As a theology professor, I sometimes get calls to comment about “developments” at the Vatican. “Can you comment on Pope Francis shifting this cardinal here or changing that cardinal there?” “What does this mean for the Church?” “How will this affect Catholics?” I have to tell them: “I’m sorry, I don’t do Vatican politics.”
For one thing, I don’t know whether people realize this or not, but they generally don’t cover Vatican politics in graduate courses in theology. Oddly enough, “Shifting Cardinals Around at the Vatican” was not one of the courses at any of the graduate programs I attended. Nor was “Dealing with Dicasteries,” or “Cleaning House at the Vatican Bank.” For some reason, the universities generally preferred to focus on Jesus Christ, the Trinity, the Scriptures, the Church, Salvation, the Virtues, Grace, the Sacraments – stuff like that.
So I’m no more qualified to comment on the latest dust-up at the Vatican than anyone else. And when I hear other people comment on such matters, they usually don’t know what they’re talking about either. You can count the number of reliable Vatican commentators on the fingers of one hand – even if you’ve lost a few fingers.
I’ve found that many people parrot the notion that we need “reform at the Vatican” even though they haven’t the slightest idea what the people at the Vatican do. They’ve just heard people say “we need reform at the Vatican” enough times that they repeat it. My supposition is that of course we need reform. When have we ever not needed reform – constant reform, renewal, repentance for faults and rededication to the primary goals of the institution – in any human community? It comes with being fallen creatures.
There are undoubtedly times when the Vatican is better and others when it’s worse. I prefer better to worse, but even when it’s “better,” it’s still always made up of wretched sinners in need of the forgiveness, redemption, and sanctification offered by Jesus Christ.
It’s not that I don’t care about what happens at the Vatican; it’s just that there’s nothing I can do about it. And I know all I need to know to pray for the Pope and the members of the curia. So I do. They don’t really need my advice.
Most Vatican gossip: monkey see, monkey do
Am I benignly convinced that they will always make the right choices? A quick glance at any period of Church history suggests a big fat “no.” But then again, a glance at the whole course of Church history suggests (to those who have eyes to see and ears to hear) that the Holy Spirit still guards the Church and guides Her through the mists of history. Given the screw-ups who have often been running the show (like the guy who denied that he even knew Christ, who became its first pope and the rock upon which it was built), if the Holy Spirit hadn’t been protecting the Church all these years, how could it have survived?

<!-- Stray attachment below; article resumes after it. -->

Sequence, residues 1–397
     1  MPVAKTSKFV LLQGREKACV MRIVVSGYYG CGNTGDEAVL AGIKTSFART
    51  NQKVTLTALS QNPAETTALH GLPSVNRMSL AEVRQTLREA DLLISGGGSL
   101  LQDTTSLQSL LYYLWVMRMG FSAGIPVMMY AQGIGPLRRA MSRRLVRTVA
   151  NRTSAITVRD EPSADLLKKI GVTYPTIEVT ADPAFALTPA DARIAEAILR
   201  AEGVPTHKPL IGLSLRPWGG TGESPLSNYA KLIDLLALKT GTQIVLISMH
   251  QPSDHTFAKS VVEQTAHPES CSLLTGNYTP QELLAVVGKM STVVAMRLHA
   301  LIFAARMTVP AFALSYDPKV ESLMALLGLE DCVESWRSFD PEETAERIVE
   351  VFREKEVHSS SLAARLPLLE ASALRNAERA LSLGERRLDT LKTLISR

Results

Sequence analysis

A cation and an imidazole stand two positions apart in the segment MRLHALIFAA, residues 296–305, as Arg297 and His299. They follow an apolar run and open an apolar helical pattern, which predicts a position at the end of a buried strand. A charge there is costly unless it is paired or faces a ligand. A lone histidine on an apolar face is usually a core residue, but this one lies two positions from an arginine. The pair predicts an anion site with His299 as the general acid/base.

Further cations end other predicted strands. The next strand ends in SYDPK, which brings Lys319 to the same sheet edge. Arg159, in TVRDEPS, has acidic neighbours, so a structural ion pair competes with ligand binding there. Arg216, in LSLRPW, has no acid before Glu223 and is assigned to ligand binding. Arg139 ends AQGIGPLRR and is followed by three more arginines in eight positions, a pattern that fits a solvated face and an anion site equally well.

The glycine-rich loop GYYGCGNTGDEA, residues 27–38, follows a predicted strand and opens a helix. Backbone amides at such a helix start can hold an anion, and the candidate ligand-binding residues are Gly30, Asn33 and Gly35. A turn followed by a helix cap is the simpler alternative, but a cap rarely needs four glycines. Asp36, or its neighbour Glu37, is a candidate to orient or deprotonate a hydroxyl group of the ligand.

I sometimes worry when I see a person with immature faith venturing to glance “behind the scenes” in the Church. When a person becomes a Eucharistic minister, for example, handling the hosts can lead to a certain “de-mystification” of the Eucharist. A person unready for this may be tempted to start thinking: “this really is just a lousy piece of bread. I mean, they mail the hosts in a plastic bag, for heaven’s sake.” Angels don’t deliver them mystically to the back door of the Church.
No, in fact they don’t. And before consecration, it really is just a piece of bread. The problem is, there are some people who just aren’t mature enough in their faith to realize that God can take the cheapest bit of stuff and make something truly wondrous out of it.
So, too, there are people who probably aren’t mature enough in their faith to be thinking about the latest confusing mess at the Vatican because they won’t be able to see how God can take even this mess – scattering of the disciplines, denials of Christ, crucifixion of the Savior – and make it a vessel of grace. If seeing how the food is prepared ruins your appetite, then stay out of the kitchen.
By the same token, when the pope publishes an actual encyclical or apostolic exhortation, read it. Try to understand it and live it. This is what the Vatican does that people should take a real interest in.
Sadly, it’s not so clear to me that they do. “Complaint” and “worry” blogs get a lot of traffic. Articles explaining Catholic teaching more deeply aren’t “trending” — or so I’ve been told. Didn’t St. Paul warn us to “Set your minds on the things that are above”? Is Paul’s wisdom reflected in the things we read?
I know that many people are “into” Vatican politics. But I prefer for the faithful largely to ignore it if possible. The faithful have more important things to worry about than the latest little “intrigue” at the Vatican – things like, oh, I don’t know: feeding the poor, going to Mass, taking care of their elderly parents, raising their children, making their local schools better, neighborhood renewal, voting for responsible politicians, making a good confession, being faithful spouses. The list of things more important to think about as a Catholic – things we can (and should) actually do something about – just goes on and on and on.
So please pray constantly for the pope, the cardinals, and the bishops. Pray that they’ll have the wisdom and love to respond faithfully to the promptings of the Holy Spirit. Then let the Holy Father and the bishops do the jobs they have the special charism from the Spirit to do. Let the pope worry about the Vatican bureaucracy. That’s one of his – less interesting and more tedious – jobs. We among the laity have other fish to fry – especially as we approach the end of Lent.